For example, according to the Amazon SQS policy in the preceding figure, anyone who possesses the security credentials for AWS Account 1 or AWS Account 2 can access
queue_xyz. In addition, Users Bob and
Susan in your own AWS Account (with ID
123456789012) can access the queue.
Before the introduction of IAM, Amazon SQS automatically gave the creator of a queue full control over the queue (that is, access to all possible Amazon SQS actions on that queue). This is no longer true, unless the creator uses AWS security credentials. Any user who has permission to create a queue must also have permission to use other Amazon SQS actions in order to do anything with the created queues.
Resource-Based (Amazon SQS) and Identity-Based (IAM) Policies
There are two ways to give your users permissions to your Amazon SQS resources: using the Amazon SQS policy system and using the IAM policy system. You can use one or the other, or both. For the most part, you can achieve the same result with either one.
For example, the following diagram shows an IAM policy and an Amazon SQS policy equivalent to it. The IAM policy grants the rights to the Amazon SQS
SendMessage actions for the
queue_xyz in your AWS Account, and the policy is attached to users named Bob and Susan (Bob and Susan have the permissions stated in the policy). This Amazon SQS policy also gives Bob and Susan rights
SendMessage actions for the same queue.
This example shows simple policies without conditions. You can specify a particular condition in either policy and get the same result.
There is one major difference between IAM and Amazon SQS policies: the Amazon SQS policy system lets you grant permission to other AWS Accounts, whereas IAM doesn't.
It is up to you how you use both of the systems together to manage your permissions. The following examples show how the two policy systems work together.
In the first example, Bob has both an IAM policy and an Amazon SQS policy that apply to his account. The IAM policy grants his account permission for the
queue_xyz, whereas the Amazon SQS policy gives his account permission for the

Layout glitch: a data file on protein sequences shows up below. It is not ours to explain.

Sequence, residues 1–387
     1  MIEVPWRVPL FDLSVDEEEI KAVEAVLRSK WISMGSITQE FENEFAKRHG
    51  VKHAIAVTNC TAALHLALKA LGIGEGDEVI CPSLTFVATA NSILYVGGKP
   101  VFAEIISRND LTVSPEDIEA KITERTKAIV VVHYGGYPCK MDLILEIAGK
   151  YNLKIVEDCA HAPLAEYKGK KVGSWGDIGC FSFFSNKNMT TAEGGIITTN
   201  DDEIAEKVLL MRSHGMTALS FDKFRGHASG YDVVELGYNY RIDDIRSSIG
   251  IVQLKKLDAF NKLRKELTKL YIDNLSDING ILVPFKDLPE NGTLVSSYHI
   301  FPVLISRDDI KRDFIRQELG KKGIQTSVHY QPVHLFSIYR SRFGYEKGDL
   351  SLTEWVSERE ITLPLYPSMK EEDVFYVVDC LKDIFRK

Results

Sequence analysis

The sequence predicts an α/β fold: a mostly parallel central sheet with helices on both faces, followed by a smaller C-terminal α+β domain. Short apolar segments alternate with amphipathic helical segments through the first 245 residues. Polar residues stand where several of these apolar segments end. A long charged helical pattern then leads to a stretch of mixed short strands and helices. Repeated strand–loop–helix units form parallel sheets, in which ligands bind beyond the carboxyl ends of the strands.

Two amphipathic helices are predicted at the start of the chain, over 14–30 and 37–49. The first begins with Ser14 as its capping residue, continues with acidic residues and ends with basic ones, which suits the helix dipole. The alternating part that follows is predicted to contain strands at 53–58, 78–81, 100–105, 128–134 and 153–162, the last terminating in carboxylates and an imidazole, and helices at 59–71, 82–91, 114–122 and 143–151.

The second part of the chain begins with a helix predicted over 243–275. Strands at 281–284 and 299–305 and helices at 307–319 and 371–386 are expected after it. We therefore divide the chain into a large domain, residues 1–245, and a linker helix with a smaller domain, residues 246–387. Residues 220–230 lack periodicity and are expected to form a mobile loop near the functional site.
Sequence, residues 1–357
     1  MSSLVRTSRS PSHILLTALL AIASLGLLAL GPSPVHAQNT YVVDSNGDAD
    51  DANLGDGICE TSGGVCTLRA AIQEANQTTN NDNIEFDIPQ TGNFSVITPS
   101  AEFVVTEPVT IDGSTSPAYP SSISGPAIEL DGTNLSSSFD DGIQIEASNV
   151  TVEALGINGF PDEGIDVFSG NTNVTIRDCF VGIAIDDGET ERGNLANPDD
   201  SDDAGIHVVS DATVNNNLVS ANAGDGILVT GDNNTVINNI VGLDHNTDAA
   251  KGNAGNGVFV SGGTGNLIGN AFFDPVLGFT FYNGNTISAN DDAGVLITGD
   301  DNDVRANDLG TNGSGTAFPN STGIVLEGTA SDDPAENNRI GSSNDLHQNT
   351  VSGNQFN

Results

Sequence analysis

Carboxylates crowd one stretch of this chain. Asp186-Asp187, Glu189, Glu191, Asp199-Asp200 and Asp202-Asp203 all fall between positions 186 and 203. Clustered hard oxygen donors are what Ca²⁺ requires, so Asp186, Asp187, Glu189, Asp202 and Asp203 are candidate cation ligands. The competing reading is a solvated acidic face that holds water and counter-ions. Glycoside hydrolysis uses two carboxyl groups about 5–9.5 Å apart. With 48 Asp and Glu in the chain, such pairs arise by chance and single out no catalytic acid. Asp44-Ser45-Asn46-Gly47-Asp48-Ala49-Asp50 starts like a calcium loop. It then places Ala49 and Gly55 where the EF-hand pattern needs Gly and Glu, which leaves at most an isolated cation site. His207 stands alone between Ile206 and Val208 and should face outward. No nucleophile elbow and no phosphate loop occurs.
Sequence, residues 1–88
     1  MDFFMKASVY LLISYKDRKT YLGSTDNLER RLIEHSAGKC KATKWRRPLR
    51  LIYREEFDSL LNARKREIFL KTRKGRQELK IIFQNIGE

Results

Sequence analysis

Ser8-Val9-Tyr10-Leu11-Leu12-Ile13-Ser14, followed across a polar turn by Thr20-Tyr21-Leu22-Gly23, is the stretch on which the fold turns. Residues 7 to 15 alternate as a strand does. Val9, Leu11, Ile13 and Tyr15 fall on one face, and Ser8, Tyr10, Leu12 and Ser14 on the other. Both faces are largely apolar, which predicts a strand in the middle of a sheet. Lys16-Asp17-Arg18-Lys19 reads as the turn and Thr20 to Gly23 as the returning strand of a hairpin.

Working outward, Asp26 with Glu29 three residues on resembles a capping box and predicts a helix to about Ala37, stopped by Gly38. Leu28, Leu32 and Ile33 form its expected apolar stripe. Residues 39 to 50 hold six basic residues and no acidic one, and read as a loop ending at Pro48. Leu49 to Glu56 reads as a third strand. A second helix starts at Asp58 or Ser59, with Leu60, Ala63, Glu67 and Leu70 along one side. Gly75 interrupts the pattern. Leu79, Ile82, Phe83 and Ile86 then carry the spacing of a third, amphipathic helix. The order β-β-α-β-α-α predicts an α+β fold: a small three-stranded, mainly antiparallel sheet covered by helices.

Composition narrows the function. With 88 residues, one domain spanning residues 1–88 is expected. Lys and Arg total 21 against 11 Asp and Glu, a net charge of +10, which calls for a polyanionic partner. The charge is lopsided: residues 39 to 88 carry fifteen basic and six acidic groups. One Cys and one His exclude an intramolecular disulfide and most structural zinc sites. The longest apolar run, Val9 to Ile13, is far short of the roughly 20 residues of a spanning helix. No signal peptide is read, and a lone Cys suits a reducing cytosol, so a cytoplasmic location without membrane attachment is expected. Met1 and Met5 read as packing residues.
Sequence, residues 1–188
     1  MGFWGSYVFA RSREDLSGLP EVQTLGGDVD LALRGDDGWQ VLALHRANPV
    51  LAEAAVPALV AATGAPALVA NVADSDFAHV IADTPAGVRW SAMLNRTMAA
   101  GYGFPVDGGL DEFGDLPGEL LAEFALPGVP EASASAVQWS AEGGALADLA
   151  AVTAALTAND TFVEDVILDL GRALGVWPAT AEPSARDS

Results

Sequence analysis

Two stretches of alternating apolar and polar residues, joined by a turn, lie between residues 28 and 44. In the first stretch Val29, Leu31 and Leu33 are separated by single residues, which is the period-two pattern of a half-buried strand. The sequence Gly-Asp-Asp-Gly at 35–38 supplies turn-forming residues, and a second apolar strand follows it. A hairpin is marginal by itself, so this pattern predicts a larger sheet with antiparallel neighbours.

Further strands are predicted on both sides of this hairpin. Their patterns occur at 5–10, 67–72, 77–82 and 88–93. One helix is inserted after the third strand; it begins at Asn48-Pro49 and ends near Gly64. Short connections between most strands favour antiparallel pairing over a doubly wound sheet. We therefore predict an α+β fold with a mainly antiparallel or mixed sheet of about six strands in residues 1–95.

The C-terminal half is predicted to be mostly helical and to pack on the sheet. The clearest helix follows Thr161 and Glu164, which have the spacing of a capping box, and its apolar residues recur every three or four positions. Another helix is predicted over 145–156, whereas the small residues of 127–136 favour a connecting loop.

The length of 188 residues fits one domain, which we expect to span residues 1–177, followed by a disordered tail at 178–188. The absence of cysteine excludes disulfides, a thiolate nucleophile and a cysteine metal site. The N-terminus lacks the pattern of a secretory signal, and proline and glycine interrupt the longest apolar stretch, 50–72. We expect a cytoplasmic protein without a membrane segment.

SendMessageaction on the same queue. The following diagram illustrates the concept.
If Bob sends a
queue_xyz, the IAM policy allows the action. If Bob sends a
queue_xyz, the Amazon SQS policy allows the action.
In the second example, Bob abuses his access to
queue_xyz, so it becomes necessary to remove his entire access to the queue. The easiest thing to do is to add a policy that denies him access to all actions for the queue. This policy overrides the other two because an explicit
denyalways overrides an
allow. For more information about policy evaluation logic, see Creating Custom Policies Using the Access Policy Language. The following diagram illustrates the concept.
You can also add an additional statement to the Amazon SQS policy that denies Bob any type of access to the queue. It has the same effect as adding an IAM policy that denies Bob access to the queue. For examples of policies that cover Amazon SQS actions and resources, see Customer-Managed Policy Examples. For more information about writing Amazon SQS policies, see Creating Custom Policies Using the Access Policy Language.
Specifying Policy Elements: Actions, Effects, Resources, and Principals
For each Amazon Simple Queue Service resource, the service defines a set of API operations. To grant permissions for these API operations, Amazon SQS defines a set of actions that you can specify in a policy.
Performing an API operation can require permissions for more than one action. When granting permissions for specific actions, you also identify the resource for which the actions are allowed or denied.
The following are the most basic policy elements:
Resource – In a policy, you use an Amazon Resource Name (ARN) to identify the resource to which the policy applies.
Action – You use action keywords to identify resource operations that you want to allow or deny. For example, the
sqs:CreateQueuepermission allows the user to perform the Amazon Simple Queue Service
Effect – You specify the effect when the user requests the specific action—this can be either allow or deny. If you don't explicitly grant access to a resource, access is implicitly denied. You can also explicitly deny access to a resource, which you might do to make sure that a user can't access it, even if a different policy grants access.
Principal – In identity-based policies (IAM policies), the user that the policy is attached to is the implicit principal. For resource-based policies, you specify the user, account, service, or other entity that you want to receive permissions (applies to resource-based policies only).
To learn more about Amazon SQS policy syntax and descriptions, see AWS IAM Policy Reference in the IAM User Guide.
For a table of all Amazon Simple Queue Service API actions and the resources that they apply to, see Amazon SQS API Permissions: Actions and Resource Reference.